Keaton laughs at the idealism not just of lovers or modern life, but of the movies as well. A rival may have set a trap, but the filmmaker chooses to spring it on the path of a moving train. The days of the week supply the film's structure, with a hand ripping off pages from a calendar. When the woman rises from her first bath in a model household, another hand blocks the camera and preserves production codes. Keaton also deserves some credit for the house's expressive shape, not unlike the film's. Its mismatched proportions could hide a secret chamber or a passage to another universe.
Keaton also helps clarify a point of terminology. An unseen hand may have wickedly labeled the parts, but prefabricated need not mean anonymous. One may never see the likes of this home again, any more than of the prefabricated but custom designed Wagon Stations by Andrea Zittel—or the interior of many a trashy gallery installation. The houses downstairs in the alley, too, may take the same shape later for others, but architects created them for this very exhibition. Conversely, ancient and modern communities built the hard way have had more than their share of faceless, repetitive, or mass-produced housing. I live one of those red apartment buildings that hit New York like a literal pile of bricks back in the 1960s, and one might not think of the bricks as prefabricated units, but one could.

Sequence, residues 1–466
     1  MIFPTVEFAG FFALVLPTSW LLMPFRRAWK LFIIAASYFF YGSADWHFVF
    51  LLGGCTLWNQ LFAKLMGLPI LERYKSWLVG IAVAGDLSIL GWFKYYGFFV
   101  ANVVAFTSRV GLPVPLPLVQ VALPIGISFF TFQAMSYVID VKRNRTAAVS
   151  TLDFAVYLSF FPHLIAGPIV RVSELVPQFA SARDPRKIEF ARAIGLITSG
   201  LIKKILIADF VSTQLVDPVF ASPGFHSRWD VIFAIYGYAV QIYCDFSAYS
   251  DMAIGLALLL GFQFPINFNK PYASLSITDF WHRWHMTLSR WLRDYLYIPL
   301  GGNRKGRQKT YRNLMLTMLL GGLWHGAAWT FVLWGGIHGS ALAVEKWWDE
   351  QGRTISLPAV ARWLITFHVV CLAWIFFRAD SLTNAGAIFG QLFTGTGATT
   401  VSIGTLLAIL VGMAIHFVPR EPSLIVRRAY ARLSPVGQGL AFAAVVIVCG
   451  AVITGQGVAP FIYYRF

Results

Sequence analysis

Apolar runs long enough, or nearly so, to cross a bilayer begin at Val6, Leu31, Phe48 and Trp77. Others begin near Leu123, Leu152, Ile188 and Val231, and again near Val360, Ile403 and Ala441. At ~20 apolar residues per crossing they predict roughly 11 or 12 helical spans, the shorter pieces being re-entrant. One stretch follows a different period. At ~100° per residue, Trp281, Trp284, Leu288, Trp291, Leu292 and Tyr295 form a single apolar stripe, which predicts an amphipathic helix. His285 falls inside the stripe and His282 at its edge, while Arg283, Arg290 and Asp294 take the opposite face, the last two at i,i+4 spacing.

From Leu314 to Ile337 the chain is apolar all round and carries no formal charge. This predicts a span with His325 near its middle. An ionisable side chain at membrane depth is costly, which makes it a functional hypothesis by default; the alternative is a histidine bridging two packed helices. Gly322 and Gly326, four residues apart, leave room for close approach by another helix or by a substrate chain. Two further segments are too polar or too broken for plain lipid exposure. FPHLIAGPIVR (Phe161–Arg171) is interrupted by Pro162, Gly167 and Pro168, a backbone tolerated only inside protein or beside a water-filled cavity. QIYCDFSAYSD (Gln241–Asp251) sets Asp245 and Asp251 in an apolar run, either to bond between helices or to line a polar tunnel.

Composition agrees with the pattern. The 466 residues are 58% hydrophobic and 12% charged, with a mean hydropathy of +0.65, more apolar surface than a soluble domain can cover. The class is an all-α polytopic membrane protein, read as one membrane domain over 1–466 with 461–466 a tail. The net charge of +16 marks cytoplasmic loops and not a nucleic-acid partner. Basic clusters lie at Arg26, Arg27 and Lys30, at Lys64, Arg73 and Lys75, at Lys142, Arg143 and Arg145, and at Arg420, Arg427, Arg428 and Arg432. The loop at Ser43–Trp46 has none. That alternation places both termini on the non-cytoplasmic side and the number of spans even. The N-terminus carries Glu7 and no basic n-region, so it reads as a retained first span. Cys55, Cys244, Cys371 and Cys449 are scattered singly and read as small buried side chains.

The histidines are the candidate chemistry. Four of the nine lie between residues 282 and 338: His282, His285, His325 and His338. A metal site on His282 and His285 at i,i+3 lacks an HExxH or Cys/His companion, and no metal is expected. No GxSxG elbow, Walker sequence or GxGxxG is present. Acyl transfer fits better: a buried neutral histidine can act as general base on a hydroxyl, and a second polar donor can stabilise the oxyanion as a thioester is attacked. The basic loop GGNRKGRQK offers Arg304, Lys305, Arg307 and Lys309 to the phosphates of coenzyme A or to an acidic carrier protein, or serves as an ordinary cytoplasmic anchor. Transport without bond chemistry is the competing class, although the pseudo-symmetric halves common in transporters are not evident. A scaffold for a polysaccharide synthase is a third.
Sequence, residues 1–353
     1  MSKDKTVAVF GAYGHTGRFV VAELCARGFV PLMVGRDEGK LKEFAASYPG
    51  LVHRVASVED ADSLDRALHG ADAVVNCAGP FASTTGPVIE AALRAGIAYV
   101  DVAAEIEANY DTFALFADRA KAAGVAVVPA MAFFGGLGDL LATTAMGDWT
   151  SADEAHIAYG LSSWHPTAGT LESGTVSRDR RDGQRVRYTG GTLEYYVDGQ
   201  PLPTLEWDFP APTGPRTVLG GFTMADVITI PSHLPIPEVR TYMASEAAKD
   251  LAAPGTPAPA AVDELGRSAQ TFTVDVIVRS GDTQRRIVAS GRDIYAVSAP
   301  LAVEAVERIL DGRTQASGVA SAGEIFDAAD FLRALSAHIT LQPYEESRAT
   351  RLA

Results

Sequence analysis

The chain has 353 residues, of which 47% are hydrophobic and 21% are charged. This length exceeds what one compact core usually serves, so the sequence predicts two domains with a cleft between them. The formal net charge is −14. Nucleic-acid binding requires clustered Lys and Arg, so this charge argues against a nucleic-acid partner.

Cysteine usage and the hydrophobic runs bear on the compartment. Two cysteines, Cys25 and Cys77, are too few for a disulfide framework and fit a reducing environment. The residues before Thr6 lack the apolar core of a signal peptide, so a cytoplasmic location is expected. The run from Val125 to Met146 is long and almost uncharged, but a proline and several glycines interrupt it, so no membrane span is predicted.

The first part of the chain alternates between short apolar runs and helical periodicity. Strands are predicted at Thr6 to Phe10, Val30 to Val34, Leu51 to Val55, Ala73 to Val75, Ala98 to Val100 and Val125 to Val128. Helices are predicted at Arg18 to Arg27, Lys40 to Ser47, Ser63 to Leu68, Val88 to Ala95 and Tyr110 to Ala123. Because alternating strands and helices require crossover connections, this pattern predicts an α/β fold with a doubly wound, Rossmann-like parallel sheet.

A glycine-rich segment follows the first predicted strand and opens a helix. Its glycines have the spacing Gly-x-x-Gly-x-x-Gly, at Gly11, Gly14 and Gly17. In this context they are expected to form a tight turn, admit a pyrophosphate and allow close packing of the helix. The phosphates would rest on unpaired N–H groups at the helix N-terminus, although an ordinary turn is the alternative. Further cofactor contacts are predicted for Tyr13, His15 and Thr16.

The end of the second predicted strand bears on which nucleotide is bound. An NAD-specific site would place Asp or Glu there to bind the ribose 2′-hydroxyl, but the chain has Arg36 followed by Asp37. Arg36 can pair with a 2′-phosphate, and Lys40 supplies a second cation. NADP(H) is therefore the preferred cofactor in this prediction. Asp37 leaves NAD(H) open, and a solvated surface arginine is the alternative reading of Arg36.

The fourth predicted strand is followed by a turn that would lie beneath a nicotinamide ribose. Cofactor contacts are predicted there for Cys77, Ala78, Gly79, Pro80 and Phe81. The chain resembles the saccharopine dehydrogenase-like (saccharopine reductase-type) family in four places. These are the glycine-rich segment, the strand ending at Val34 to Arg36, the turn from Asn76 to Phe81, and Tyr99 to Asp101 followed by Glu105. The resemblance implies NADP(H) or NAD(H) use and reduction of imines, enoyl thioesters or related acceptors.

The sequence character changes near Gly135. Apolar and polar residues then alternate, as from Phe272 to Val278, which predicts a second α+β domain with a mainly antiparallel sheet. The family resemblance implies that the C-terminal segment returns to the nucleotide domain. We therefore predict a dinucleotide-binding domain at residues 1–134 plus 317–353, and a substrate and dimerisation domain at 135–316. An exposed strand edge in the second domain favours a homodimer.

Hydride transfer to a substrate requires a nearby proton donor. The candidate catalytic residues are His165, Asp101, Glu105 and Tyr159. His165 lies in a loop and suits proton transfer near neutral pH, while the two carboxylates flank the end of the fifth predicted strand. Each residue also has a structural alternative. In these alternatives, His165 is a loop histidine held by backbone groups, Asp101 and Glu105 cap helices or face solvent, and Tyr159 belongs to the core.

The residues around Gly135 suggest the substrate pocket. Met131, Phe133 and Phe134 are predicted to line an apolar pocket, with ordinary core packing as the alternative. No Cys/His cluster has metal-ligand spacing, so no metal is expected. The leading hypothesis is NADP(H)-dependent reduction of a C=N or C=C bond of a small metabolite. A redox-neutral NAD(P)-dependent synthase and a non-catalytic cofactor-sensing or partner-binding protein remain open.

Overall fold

The Modern never does explore the concept at the show's heart. It excludes artists like Zittel, with her sharp eye for all this prefabricated luxury. It never acknowledges how the paradox of novelty and the readymade has haunted modern art since the first collage. Even its architecture skirts suburban subdivisions, old shanties, and new luxury knockoffs. It includes boxlike, prefabricated communities, but not the stacked, staggered boxes of Sanaa's New Museum or those that Santiago Calatrava has proposed for a downtown high rise. It settles instead for an ode to cheapness and speed. If these values sound suspiciously like consumerism, they accord just fine with five inordinately prestigious mobile homes.